The Emotions Tree: Building Emotional Vocabulary & A Sense of Classroom Community

A Cross-Curricular Grade One “Feelings” Unit

By Lindsay Zebrowski (MEd in Imaginative Education, Kindergarten Teacher)

Primary students are solidly engrossed in developing the literacy skills that will radically alter the ways they engage with the world. They are fascinated with reading, writing, and using a rapidly expanding bank of language and show genuine elation about their growing vocabularies. Accessing the vast scope of vocabulary for conveying emotions is engaging because it gives students the tools to make sense of their inner world.

While pursuing my graduate degree in Imaginative Education I embarked on a project to develop a full-year overview that outlined a vision of the grade one and two curriculum as a Learning in Depth-inspired study of trees. The image that sparked the development of the Emotions Tree[1] unit was obtained from a google search on “trees” as I gathered resources for my “Tree Story” project. I revisited the Emotions Tree several months later and it served as a powerful guiding image for a unit on feelings and building classroom community.

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The central narrative of the Emotions Tree unit is shaped around shared human experiences. The activities serve a dual purpose – to provide students with more sophisticated language for identifying and communicating their emotions; and to develop their ability to recognize and relate to how others are feeling. The stories I use to introduce this unit – “Fuzzyland”[2] and How Full is Your Bucket? For Kids [3] – provide students with powerful metaphors for assessing their current emotional state and empathizing with others. Both stories set up binary oppositions of good and bad for children to use as they begin to grasp the range of emotions they may be experiencing.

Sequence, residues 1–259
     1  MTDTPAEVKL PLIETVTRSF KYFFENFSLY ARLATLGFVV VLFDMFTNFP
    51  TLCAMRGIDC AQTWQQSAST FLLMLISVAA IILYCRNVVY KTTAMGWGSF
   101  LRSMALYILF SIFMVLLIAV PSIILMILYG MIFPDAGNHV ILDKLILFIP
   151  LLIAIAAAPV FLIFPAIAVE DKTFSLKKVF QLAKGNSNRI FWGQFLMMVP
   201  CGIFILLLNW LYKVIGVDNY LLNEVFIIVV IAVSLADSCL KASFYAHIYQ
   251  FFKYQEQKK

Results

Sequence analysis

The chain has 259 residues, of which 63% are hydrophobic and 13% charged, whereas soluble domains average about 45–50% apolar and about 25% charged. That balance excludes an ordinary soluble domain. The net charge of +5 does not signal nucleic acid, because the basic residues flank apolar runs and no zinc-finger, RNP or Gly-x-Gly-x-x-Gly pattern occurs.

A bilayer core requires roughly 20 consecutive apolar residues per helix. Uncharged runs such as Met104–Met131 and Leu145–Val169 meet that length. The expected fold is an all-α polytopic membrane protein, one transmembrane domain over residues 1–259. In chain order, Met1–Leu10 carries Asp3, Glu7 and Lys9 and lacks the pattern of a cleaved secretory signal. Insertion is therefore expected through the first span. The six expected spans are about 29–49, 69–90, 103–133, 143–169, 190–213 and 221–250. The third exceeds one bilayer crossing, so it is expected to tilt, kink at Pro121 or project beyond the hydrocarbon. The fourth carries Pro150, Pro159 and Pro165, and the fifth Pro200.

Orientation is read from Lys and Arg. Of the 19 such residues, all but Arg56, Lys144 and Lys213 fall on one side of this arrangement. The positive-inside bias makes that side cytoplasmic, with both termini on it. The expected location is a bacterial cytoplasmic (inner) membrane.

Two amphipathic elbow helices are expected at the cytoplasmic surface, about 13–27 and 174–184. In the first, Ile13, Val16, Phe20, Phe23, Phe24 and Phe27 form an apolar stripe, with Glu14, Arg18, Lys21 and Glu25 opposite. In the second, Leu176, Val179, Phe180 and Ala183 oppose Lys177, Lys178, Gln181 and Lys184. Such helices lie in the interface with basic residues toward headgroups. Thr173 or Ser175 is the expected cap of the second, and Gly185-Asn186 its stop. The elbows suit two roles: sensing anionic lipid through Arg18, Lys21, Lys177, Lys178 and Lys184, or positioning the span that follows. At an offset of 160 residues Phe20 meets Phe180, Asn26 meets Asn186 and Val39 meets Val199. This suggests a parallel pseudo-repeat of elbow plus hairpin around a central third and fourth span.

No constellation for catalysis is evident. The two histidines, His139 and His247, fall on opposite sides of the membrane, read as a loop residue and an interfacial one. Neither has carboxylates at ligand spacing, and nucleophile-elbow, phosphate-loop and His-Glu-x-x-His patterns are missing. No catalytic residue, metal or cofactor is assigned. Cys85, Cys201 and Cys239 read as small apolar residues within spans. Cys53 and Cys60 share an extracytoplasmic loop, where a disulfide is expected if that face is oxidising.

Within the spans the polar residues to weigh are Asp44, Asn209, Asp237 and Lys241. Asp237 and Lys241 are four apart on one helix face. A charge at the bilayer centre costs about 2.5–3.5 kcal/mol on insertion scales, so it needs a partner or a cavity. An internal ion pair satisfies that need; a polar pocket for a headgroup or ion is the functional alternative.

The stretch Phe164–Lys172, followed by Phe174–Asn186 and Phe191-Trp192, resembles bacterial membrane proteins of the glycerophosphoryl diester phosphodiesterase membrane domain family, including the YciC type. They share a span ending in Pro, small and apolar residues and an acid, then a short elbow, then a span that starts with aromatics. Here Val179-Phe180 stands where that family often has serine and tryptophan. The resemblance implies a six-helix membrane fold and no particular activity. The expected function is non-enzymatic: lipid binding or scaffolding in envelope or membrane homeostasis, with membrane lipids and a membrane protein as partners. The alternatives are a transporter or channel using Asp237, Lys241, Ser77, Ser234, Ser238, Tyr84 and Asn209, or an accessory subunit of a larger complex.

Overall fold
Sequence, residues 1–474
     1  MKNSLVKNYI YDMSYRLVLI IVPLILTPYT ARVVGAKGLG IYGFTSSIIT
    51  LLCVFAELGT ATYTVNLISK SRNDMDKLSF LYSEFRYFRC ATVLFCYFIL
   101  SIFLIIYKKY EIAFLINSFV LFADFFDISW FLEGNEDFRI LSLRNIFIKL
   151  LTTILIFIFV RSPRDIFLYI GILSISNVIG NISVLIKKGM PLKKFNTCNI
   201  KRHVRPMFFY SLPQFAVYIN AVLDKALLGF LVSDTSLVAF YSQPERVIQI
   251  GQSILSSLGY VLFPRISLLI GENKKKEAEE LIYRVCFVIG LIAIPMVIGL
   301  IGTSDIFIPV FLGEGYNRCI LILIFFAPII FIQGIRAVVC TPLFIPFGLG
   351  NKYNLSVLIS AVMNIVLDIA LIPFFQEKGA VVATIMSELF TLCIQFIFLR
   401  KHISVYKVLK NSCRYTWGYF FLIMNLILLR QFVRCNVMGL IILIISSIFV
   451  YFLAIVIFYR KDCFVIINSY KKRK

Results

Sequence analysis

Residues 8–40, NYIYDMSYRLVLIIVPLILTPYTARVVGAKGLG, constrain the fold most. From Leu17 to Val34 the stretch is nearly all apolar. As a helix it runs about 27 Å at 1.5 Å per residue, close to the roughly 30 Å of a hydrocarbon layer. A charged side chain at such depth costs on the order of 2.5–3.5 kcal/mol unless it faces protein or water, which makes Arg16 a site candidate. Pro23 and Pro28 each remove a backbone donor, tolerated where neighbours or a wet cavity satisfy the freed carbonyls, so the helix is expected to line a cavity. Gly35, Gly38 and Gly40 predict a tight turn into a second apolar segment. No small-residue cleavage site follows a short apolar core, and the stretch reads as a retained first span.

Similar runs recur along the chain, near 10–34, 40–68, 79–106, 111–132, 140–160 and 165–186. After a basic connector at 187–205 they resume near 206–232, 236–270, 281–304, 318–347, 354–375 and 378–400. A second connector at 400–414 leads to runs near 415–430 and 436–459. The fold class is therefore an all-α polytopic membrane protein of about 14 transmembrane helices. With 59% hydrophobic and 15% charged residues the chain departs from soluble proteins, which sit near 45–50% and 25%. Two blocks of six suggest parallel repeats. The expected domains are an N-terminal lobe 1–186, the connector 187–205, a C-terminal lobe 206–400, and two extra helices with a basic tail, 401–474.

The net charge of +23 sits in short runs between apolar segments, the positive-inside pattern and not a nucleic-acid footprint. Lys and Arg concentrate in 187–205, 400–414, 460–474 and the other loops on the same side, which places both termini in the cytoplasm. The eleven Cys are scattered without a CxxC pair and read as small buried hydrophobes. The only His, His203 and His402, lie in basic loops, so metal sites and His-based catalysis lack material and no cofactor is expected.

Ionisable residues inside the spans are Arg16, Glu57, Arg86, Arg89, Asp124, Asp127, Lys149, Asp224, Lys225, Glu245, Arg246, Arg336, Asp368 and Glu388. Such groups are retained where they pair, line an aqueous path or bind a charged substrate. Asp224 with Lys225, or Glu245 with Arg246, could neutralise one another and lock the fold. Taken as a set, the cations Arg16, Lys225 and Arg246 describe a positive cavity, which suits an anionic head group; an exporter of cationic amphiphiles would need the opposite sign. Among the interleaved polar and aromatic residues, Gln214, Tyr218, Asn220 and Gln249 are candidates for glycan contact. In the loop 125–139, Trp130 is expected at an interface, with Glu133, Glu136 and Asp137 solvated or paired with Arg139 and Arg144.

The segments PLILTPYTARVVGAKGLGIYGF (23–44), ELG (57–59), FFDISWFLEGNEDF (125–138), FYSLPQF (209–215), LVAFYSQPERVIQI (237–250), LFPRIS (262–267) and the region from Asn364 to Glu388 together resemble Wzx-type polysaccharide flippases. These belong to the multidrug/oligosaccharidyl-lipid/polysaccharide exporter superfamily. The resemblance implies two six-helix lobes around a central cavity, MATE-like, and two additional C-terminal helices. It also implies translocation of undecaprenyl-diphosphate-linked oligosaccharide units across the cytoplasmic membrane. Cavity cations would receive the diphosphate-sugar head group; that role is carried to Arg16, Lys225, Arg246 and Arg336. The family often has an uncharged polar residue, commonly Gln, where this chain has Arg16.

The collection of figures on the Emotions Tree can be used to illustrate that no matter how disconnected one figure might feel, they are still in the tree together. The tree represents the classroom community and reflects the variety of moods that may be present in the classroom at any given time. Students begin to recognize their responsibilities as members of a community include reaching out to those who may feel isolated or disconnected.

In addition to providing students with an expanded emotional vocabulary, the Emotions Tree activities also help to foster a sense of classroom community through shared experiences. Students identify emotions conveyed in images and stories by relating to their own experiences and their current emotional state. The use of the Emotions Tree provides a safety net for students who might feel uncomfortable sharing personal accounts directly. The students can choose to tell a story about a chosen figure on the tree instead of speaking about their own experience in the first person.